Yet again, however, I was pleasantly surprised at the general feel of the boot with the ball. Because the upper is so thin, you really get a decent feel with the ball at your feet.

Nevertheless, the leather version of the adiZero would definitely be more suitable to those who like to have plenty of touches of the ball during a game.

Shooting

The best part of any training session/ boot play test! The major observation here was the trueness of the connection. The ball really does stay hit (see photo and imagine it flying into the top corner (which it did!)) The ‘ping’ noise which you get with the synthetic material when striking through the ball also makes for a more enjoyable shooting experience!

The only negative came when trying to curl a shot or long pass. The ball just stays hit every time you kick it, and there appeared to be very little curl on the ball –  making it much harder to judge. (I’m aware this may sound ridiculous but try it yourself!)

The Professionals

Another effective way of gauging the impact of a football boot is by looking at the professionals’ reaction to them. The most famous endorser of the boot, Mr Messi, is obviously going to give the perfect answer to promote the boot.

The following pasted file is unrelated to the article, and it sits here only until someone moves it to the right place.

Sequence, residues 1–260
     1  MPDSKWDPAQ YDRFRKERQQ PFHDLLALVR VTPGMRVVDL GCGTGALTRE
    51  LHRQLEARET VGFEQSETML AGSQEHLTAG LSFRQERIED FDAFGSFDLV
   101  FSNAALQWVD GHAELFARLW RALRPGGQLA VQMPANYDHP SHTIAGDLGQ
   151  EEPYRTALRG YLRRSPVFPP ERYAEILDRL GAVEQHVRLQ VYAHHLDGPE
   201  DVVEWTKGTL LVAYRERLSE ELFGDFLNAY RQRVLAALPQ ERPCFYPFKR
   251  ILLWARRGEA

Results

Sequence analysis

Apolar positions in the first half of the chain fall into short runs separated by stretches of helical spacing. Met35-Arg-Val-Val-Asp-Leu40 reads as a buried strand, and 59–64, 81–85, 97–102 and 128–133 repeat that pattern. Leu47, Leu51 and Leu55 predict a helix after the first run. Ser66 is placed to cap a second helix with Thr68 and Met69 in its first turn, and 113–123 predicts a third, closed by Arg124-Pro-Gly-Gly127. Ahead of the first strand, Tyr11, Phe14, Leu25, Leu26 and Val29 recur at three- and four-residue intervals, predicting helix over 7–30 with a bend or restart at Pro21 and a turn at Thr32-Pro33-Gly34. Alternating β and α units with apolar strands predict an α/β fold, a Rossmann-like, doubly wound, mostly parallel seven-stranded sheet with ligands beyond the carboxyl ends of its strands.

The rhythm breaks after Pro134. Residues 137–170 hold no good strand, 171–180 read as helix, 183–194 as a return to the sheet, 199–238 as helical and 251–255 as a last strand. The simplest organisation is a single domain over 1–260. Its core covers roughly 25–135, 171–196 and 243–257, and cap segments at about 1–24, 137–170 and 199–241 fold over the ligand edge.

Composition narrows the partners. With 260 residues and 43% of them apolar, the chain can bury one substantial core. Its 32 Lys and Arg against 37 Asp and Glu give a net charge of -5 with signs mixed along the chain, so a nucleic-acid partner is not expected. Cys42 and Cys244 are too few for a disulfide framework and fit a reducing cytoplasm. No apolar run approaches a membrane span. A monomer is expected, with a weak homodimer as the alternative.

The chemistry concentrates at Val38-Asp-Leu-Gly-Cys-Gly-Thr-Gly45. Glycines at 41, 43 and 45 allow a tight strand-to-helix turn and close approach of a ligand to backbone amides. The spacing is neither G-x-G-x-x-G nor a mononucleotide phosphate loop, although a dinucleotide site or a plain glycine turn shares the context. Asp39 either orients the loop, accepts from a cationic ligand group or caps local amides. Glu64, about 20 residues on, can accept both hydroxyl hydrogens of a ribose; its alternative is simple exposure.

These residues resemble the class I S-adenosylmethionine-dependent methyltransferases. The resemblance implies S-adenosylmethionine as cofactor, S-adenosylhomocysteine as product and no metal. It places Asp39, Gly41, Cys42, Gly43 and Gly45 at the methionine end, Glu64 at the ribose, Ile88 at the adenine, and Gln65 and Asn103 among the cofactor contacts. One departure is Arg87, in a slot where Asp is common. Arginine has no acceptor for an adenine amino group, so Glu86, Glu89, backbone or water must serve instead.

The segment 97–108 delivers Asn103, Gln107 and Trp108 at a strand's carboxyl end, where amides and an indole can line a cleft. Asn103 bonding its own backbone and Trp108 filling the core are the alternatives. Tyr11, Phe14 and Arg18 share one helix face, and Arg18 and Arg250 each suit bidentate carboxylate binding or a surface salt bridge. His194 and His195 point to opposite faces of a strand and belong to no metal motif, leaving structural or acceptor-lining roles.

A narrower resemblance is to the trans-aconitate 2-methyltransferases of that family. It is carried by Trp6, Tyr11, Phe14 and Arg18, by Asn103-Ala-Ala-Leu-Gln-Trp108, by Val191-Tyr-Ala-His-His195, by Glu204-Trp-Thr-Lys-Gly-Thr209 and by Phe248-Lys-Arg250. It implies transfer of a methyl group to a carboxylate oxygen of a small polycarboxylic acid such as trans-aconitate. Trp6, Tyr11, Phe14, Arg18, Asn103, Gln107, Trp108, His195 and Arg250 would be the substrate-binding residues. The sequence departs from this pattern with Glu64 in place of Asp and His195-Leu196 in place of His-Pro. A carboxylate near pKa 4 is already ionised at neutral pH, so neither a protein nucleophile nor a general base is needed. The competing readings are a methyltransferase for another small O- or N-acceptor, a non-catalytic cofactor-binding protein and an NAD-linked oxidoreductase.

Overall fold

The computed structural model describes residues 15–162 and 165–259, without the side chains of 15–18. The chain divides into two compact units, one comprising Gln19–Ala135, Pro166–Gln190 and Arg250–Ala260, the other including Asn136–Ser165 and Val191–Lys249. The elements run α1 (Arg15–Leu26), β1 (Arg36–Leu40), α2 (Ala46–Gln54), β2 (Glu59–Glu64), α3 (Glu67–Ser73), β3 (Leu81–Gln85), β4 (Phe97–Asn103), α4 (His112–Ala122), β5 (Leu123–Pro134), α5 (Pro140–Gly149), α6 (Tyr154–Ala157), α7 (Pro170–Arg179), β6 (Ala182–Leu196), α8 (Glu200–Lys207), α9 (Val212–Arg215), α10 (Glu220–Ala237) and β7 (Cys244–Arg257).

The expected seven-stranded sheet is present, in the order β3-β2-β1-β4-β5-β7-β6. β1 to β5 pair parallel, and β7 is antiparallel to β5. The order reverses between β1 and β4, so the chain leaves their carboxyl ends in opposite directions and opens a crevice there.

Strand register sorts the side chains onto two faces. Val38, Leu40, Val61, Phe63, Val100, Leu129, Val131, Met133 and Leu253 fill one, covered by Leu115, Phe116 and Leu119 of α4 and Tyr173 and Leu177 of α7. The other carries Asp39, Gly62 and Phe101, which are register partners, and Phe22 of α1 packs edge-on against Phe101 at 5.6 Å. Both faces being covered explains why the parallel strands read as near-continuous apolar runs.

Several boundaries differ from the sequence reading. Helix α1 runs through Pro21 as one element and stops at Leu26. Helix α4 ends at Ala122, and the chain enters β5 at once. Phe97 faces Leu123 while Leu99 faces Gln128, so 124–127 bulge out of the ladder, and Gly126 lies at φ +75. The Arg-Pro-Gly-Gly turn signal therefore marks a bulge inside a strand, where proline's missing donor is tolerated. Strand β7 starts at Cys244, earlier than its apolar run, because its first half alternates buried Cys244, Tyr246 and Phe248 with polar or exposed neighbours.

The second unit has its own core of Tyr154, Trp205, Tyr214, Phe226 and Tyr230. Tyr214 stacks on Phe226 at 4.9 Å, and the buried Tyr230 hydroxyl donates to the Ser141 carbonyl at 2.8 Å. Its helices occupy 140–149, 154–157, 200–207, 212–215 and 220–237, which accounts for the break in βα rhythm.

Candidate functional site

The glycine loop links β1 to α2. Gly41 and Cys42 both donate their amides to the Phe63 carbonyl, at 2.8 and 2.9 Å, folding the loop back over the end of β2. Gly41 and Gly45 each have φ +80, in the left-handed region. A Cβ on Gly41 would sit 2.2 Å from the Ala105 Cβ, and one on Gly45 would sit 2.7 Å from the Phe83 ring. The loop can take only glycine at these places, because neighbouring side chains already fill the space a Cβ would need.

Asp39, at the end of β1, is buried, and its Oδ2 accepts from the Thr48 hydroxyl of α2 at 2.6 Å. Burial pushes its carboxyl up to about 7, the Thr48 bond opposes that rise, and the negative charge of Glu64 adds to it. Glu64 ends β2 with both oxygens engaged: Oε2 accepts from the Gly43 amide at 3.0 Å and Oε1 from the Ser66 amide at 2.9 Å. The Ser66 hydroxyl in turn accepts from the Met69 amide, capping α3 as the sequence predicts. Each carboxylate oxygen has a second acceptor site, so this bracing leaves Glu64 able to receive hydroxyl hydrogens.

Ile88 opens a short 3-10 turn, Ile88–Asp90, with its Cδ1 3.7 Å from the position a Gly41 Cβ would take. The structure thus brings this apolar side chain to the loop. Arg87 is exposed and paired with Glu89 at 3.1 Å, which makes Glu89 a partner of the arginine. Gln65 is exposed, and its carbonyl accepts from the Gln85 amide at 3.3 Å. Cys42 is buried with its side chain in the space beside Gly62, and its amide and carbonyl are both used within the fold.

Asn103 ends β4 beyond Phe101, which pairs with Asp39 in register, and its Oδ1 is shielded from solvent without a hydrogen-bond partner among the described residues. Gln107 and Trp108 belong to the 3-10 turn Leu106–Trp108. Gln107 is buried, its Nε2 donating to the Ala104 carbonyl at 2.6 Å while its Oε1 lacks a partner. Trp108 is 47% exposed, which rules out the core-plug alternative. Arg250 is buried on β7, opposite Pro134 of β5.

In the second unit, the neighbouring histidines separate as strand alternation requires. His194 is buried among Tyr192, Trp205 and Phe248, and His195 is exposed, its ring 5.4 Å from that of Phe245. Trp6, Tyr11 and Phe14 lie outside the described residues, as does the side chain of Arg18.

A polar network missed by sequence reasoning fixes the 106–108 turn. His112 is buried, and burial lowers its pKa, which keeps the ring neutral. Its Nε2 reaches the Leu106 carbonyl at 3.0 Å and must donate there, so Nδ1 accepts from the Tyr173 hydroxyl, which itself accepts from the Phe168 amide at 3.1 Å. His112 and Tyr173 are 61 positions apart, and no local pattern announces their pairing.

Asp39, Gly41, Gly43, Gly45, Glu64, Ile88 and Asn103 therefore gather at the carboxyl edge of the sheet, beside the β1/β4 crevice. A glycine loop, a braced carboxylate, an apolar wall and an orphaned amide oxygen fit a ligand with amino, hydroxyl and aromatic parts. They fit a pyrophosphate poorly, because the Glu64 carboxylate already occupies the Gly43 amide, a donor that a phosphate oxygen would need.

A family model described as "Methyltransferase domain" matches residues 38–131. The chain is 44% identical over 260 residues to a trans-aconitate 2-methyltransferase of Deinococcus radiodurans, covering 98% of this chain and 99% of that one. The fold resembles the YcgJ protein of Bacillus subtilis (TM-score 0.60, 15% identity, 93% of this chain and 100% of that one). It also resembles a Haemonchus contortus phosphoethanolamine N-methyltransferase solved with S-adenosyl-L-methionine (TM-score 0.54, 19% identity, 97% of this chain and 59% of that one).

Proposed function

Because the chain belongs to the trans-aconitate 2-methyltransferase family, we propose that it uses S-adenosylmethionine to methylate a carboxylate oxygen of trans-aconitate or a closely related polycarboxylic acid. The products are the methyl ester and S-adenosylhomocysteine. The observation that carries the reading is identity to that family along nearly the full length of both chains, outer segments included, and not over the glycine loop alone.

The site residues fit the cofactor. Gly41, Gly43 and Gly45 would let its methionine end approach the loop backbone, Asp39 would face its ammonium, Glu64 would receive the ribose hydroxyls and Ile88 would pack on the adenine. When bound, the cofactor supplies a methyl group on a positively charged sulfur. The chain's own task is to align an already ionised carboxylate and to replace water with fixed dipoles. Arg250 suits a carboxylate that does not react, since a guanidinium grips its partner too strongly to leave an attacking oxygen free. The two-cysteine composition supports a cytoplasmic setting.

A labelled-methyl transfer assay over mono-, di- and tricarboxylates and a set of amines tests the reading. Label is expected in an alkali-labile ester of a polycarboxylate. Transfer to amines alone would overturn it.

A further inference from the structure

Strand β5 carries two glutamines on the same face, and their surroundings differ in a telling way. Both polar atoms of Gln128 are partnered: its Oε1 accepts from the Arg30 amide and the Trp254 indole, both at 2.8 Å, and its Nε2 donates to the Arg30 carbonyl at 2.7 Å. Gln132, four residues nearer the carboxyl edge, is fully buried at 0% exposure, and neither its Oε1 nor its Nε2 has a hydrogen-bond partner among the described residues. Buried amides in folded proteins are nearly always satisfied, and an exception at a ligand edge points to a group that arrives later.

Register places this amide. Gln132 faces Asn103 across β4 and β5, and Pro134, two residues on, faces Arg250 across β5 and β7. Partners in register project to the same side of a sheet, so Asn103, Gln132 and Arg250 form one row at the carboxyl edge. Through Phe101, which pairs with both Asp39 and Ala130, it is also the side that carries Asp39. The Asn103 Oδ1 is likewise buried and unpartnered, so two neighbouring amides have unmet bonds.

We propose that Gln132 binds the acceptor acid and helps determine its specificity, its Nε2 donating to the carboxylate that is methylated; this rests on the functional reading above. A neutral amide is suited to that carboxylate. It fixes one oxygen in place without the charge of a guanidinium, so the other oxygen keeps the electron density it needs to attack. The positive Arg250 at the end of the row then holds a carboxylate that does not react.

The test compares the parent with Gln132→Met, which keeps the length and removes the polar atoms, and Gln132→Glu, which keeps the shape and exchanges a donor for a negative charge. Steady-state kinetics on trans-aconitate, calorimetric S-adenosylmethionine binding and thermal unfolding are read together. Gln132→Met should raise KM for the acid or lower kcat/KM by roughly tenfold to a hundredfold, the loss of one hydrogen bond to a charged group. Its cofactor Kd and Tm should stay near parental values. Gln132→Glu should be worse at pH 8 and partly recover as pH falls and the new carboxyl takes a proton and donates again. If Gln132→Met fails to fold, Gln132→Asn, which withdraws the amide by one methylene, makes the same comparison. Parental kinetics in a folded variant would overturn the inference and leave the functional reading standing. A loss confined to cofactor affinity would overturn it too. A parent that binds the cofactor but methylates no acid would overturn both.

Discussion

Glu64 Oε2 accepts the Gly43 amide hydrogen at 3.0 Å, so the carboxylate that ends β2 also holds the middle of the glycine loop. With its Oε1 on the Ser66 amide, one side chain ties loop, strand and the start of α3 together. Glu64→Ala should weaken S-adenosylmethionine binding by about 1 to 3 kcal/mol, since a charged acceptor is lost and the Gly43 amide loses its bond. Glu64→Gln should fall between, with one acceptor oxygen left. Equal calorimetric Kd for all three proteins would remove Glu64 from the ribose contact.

In this case it was: “I am amazed at how light the new F50 is; I can barely feel them on my feet. Speed on the pitch is a really important part of my game and wearing the world’s lightest boot will hopefully make me faster and enhance my performance during the most important games of the year!”

Well said Lionel. However, now that Puma have the right to call themselves the manufacturer of the world’s lightest boot, does that mean Messi will now move to Puma? I think not. Yet it is still interesting to have a look at a few Premier League stars that have jumped on the adiZero bandwagon.

Obviously, footballers get paid extreme amounts of money to wear certain sportswear brands. However, this normally means that they can only wear one boot within the brand. For example, the likes of David Beckham and Steven Gerrard have only ever worn Adidas Predators.